Parashat Vaera/ Intergenerational Social Justice Shabbat


By Rabbi Heather Miller

This evening’s service began with a great story by Ms. Purple about the power of recognizing we are all in the same boat. Why is this powerful? Because it recognizes that anything any of us does in the world affects everyone else. That means if we do something beautiful and wonderful in the world, the whole world benefits. Likewise, if we do something lousy, well, the whole world feels it.

Earlier this week, some pretty terrible events took place– violence was perpetuated at the offices of Charlie Hebdo and at a Kosher supermarket. A former congregant immediately wrote me to ask me for some spiritual guidance. She couldn’t understand how cold and mean people could be– how extremist terroists could be– to resort to violence to get their agenda across. She was not only saddened and disappointed by the state of affairs, but she honestly felt powerless in the situation– what difference could she make?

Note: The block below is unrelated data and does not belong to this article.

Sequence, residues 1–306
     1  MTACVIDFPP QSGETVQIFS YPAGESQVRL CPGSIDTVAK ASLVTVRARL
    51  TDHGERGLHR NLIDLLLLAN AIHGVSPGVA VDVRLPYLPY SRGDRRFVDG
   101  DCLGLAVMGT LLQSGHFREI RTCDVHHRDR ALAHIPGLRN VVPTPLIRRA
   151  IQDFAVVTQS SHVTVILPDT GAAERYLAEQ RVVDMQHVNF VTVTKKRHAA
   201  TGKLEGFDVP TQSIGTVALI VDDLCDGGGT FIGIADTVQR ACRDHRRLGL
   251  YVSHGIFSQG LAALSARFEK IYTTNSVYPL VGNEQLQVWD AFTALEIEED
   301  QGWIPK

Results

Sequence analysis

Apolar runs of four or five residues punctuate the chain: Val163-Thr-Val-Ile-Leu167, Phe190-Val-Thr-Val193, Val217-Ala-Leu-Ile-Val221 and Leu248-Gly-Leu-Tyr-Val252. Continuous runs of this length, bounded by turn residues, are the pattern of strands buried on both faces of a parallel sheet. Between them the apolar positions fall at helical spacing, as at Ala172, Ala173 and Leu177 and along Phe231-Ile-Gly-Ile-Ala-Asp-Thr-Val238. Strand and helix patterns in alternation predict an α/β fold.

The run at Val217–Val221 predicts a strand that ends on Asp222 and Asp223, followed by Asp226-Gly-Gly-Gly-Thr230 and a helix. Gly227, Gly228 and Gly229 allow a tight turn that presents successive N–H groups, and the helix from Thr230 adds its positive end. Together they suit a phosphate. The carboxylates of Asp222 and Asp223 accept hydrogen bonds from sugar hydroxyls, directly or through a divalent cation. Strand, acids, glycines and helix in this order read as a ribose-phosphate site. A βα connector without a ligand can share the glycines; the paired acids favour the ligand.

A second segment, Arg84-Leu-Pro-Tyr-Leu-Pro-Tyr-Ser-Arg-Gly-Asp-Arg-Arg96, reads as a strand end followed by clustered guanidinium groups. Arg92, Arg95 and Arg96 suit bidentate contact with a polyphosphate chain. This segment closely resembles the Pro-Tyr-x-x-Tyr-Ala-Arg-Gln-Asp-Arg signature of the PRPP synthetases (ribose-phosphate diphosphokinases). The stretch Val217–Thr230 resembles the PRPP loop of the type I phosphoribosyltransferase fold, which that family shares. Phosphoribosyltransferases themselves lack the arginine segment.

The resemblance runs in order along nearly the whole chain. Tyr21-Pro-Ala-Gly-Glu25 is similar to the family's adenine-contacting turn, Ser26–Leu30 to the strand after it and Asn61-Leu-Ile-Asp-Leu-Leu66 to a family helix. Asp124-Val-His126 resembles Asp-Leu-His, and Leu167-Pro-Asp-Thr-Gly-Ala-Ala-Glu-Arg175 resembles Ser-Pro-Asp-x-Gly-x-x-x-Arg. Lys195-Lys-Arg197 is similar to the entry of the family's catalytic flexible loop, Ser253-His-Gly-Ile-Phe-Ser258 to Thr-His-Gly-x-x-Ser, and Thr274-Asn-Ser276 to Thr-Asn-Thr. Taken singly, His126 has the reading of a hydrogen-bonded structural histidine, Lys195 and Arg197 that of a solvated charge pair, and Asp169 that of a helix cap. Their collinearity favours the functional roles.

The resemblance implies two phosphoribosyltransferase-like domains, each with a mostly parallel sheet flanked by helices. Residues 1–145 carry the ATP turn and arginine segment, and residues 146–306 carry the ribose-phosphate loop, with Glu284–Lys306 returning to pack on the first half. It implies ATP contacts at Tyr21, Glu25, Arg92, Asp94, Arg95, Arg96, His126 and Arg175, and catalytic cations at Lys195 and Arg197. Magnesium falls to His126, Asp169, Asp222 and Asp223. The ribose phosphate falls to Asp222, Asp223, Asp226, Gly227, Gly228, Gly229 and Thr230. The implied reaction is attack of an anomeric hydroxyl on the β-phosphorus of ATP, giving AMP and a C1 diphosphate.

She wrote to me:
I know that we need to do something, but what, I do not know. Looking to you for advice. As caring humans, we feel the pain of suffering in the world– even if the event happened thousands of miles away. The effects of the violence in Paris were not only felt there (where the Jewish synagogue was asked to cancel Shabbat Services for the first time since WWII, non-Jewish neighbors asked Jewish neighbors to take down mezuzot from their doorposts so as not to jeopardize the whole building, and the streets were flooded with security forces), but also we felt the terror in our own communities here. Synagogues and kosher markets were asked to be vigilant in their security measures and take all the necessary precautions. It is scary. What happened way over there, by a small group of people, affects us all.

We, as a caring Jewish community, even feel acts of terror and oppression centuries and millenia later. For example, this week’s Torah portion, Vaera, reminds us of the oppression and fear the Israelites experienced 3,000 years ago and 7,500 miles away: when a new Pharaoh rose to power in Egypt to torment the Israelites.